I recently came across an article from The Cut called “The Extinction of the Middle Child.” The piece examined how the increasing trend of two-child families is bringing about the demise of middle-born children. It also raised awareness for the middle children who will be tragically overlooked this August 12 on Middle Child Day.
I am the middle sister of three girls. I have experience being both the pesky little sibling who copies everything her older sister does, and being the bossy older sibling who offers her younger sister unsolicited advice.
When I sent that The Cut piece to my siblings, they told me it was not even worth a skim. Admittedly, the article is lengthy, but it made me reflect on the importance of birth order in defining one’s own identity.
Just like astrological signs and personality types, the characteristics associated with each birth order may be taken with a grain of salt. A 2015 German study found that birth order does not significantly influence five major personality traits — conscientiousness, extraversion, agreeableness, imagination and emotional stability. However, there is some research that suggests birth order does affect one’s life outcomes. Jeffrey Kluger, author of The Sibling Effect, points out existing research that first-born children are more likely to become CEOs and last-born children are more likely to become comedians.
While the outcomes for middle children may be statistically murkier, I have learned from my own experience as a middle child — and as a daughter of two middle children — that being in the middle isn’t bad at all; in fact, there are times when adopting the mindset of a middle child may be beneficial to everyone.
Middle children love to claim that we are great mediators. It makes sense that someone physically in the middle of a family hierarchy would also develop a keen understanding of those around them. Growing up, my older sister and younger sister often found themselves at odds with each other, and as the middle sibling I was sometimes able to help them see from one other’s perspective.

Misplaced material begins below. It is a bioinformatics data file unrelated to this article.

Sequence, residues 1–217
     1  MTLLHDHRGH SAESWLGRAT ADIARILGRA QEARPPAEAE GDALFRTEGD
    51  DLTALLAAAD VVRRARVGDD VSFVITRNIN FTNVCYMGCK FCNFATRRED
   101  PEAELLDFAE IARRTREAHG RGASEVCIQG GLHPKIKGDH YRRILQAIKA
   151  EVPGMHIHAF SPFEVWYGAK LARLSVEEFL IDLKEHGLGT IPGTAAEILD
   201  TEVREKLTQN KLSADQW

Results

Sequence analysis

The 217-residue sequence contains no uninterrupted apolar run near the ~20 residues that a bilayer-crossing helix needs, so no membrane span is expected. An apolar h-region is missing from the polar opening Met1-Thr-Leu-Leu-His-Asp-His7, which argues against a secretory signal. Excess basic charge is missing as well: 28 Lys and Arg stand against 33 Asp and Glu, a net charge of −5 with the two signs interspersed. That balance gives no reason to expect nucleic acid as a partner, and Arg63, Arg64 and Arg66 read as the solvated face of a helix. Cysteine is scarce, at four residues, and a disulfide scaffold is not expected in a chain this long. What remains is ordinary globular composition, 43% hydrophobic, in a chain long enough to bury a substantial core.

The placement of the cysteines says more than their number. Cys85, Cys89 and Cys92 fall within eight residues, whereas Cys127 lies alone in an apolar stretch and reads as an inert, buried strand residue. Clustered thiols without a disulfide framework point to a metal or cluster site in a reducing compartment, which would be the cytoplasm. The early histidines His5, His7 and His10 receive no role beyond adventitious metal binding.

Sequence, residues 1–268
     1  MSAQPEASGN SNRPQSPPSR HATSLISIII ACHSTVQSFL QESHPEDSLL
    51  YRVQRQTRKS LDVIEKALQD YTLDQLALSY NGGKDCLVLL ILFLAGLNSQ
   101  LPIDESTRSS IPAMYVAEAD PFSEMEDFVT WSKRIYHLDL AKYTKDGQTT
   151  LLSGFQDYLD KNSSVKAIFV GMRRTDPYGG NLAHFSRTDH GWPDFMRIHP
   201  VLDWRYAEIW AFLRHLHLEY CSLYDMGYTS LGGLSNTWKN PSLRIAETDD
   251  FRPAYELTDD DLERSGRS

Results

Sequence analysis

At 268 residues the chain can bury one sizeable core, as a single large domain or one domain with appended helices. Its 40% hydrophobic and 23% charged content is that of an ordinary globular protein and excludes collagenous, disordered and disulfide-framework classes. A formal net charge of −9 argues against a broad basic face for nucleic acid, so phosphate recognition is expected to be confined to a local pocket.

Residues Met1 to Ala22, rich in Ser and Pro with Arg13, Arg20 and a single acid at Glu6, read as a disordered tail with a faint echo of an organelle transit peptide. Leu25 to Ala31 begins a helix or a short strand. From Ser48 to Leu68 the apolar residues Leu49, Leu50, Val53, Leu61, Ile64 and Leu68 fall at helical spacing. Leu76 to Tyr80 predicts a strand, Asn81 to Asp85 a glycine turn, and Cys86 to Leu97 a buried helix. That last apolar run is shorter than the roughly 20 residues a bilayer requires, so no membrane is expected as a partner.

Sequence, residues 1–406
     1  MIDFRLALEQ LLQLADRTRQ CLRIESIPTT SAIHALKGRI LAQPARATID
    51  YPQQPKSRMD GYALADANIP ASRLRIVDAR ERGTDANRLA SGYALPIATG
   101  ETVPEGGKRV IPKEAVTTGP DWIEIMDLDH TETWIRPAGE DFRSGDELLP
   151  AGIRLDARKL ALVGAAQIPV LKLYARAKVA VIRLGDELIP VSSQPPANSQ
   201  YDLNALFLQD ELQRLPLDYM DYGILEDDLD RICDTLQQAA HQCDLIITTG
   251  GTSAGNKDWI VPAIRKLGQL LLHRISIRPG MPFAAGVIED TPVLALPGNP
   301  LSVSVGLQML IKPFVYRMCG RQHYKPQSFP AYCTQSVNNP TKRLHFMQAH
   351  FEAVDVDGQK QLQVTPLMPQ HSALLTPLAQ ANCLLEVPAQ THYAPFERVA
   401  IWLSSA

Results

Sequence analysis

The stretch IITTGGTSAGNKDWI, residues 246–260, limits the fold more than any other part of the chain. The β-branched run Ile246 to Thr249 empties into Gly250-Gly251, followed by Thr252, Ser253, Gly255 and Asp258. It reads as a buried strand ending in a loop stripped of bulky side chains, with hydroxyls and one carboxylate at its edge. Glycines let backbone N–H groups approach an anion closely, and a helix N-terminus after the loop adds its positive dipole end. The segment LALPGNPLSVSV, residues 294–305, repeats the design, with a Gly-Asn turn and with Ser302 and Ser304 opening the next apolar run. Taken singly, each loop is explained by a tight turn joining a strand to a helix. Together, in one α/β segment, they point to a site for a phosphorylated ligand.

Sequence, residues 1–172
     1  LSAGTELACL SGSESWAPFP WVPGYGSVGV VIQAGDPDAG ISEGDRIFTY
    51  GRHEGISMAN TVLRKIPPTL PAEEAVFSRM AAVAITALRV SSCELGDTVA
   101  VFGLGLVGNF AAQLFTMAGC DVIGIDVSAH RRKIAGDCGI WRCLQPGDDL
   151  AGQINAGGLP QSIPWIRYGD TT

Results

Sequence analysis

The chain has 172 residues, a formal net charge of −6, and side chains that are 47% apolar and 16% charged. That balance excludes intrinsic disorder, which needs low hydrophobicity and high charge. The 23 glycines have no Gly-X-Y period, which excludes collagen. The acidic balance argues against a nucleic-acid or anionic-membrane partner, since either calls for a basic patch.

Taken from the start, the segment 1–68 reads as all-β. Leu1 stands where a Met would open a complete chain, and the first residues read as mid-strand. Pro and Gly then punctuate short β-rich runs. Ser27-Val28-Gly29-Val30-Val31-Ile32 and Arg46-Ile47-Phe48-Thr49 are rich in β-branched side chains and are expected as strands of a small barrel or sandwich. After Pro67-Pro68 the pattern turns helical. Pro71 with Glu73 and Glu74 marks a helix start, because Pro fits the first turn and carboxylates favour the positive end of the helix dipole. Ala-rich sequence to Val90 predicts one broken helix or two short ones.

Another popular notion held by middle children is that we are passed over for attention — the oldest sibling is the highest achiever, and the youngest sibling is the baby of the family. Does that force the children in the middle to fend for whatever attention is left?
Some experts have posited that this causes middle children to either act out — consider Stephanie Tanner from Full House — or to find creative or bizarre arenas to excel in. The Cut draws attention to Joey Chestnut, a middle child so starved for attention that he went on to win the Nathan’s Hot Dog Eating Contest 11 times.
I look at Chestnut as a testament to the creativity of middle children. When the roles of your older and younger siblings are more clearly defined, you may find yourself with more freedom and space to try new things.
The last characteristic middle children love to tout is our heightened empathy. I like to think of myself as an empathetic person, but I feel that I owe most of the credit to my siblings for forcing me to be more compassionate and understanding.
My older sister gave me a leg up in school when I was younger, because she had already gone through everything I was going through. She demonstrated the importance of a compassionate voice in a person’s life.
My younger sister also gives surprisingly sage advice. She taught me that even someone who has never been in your situation before is able to understand exactly how you are feeling.
Through this reflection, I discovered that what makes being a middle child so great isn’t that we are great mediators, creative forces or empathetic souls. It is that we were born in the middle, and have been shaped by both sides of the spectrum. Being in the middle makes you more open to new ideas, and more understanding of different viewpoints.
So I hope that when Middle Child Day rolls around on August 12, you take the time to recognize a middle child you know, and to remember the importance of creativity and empathy in your own life.